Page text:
If the pH of the saliva goes below 5.5, it begins to damage the tooth enamel.
The two most commonly advised ways to protect one's teeth are brushing and flossing. Yet, if the saliva becomes too acidic, it will erode our enamel the entire time we sleep.
Our culture unfortunately does not transmit important knowledge that is widely known among researchers to the general public.
The saliva pH is at its lowest point when we wake up in the morning. Testing it is easy. To do so, we spit on a piece of pH paper (without putting it in one's mouth, it might be toxic) upon waking up, before eating anything. If it's 5.5 or lower, one could increase it by consuming certain foods.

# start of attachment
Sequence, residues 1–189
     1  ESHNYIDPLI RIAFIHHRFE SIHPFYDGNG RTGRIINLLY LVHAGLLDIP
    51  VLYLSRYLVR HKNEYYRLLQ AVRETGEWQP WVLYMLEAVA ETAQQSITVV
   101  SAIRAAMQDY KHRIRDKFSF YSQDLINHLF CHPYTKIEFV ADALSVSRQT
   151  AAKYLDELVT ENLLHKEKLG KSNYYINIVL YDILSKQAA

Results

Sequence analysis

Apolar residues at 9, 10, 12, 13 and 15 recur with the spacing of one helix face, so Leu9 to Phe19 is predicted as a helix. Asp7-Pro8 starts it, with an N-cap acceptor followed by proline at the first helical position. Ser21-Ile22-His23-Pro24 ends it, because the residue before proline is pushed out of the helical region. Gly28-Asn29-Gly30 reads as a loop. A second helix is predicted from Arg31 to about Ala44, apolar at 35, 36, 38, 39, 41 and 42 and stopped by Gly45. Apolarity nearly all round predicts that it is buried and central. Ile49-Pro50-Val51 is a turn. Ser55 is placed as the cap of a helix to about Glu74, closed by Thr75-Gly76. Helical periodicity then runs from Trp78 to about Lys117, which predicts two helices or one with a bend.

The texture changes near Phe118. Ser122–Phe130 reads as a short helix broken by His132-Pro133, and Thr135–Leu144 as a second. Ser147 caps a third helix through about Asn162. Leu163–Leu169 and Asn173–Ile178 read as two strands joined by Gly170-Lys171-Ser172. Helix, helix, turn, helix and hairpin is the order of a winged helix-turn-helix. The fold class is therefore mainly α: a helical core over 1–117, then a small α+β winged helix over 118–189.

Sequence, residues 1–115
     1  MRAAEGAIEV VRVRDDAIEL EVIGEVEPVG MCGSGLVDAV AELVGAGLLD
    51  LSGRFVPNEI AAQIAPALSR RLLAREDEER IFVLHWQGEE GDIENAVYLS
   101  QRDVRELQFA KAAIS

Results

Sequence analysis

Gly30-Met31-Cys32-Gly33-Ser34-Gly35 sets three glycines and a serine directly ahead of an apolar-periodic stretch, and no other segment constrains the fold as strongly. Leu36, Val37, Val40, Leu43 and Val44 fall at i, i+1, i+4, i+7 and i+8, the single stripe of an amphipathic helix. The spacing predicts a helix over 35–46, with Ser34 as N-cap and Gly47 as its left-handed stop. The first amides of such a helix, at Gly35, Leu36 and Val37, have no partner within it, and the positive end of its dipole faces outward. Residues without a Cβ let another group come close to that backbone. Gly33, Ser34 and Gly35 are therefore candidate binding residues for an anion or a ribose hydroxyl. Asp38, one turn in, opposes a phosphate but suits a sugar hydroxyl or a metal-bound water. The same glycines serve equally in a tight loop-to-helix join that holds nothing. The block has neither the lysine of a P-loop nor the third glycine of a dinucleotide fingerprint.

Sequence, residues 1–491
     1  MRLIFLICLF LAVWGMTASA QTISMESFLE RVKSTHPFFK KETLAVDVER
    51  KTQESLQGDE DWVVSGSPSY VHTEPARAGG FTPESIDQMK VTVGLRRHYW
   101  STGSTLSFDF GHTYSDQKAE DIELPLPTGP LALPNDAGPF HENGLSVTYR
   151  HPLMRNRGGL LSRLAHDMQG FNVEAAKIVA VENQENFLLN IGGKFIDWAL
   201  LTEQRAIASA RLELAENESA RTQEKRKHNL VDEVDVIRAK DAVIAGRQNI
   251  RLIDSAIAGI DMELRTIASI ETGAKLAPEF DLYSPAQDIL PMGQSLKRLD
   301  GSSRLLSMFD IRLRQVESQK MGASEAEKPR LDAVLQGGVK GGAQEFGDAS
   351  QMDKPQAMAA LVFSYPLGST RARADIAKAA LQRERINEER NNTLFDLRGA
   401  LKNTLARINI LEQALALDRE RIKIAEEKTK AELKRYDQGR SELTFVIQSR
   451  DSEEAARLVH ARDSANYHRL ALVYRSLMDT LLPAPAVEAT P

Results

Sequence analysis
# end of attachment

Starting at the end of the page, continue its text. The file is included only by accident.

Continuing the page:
Testing urine pH can be valuable to figure out which foods increase your saliva pH, because foods that increase urine pH typically also increase saliva pH. While it's most valuable to test saliva pH in the morning, one could check how certain foods affect urine pH during the day. I found that milk is one food that reliably increases pH. Foods which have a reduced amount of minerals, such as greek yogurt or farmers cheese, do not help to increase the pH.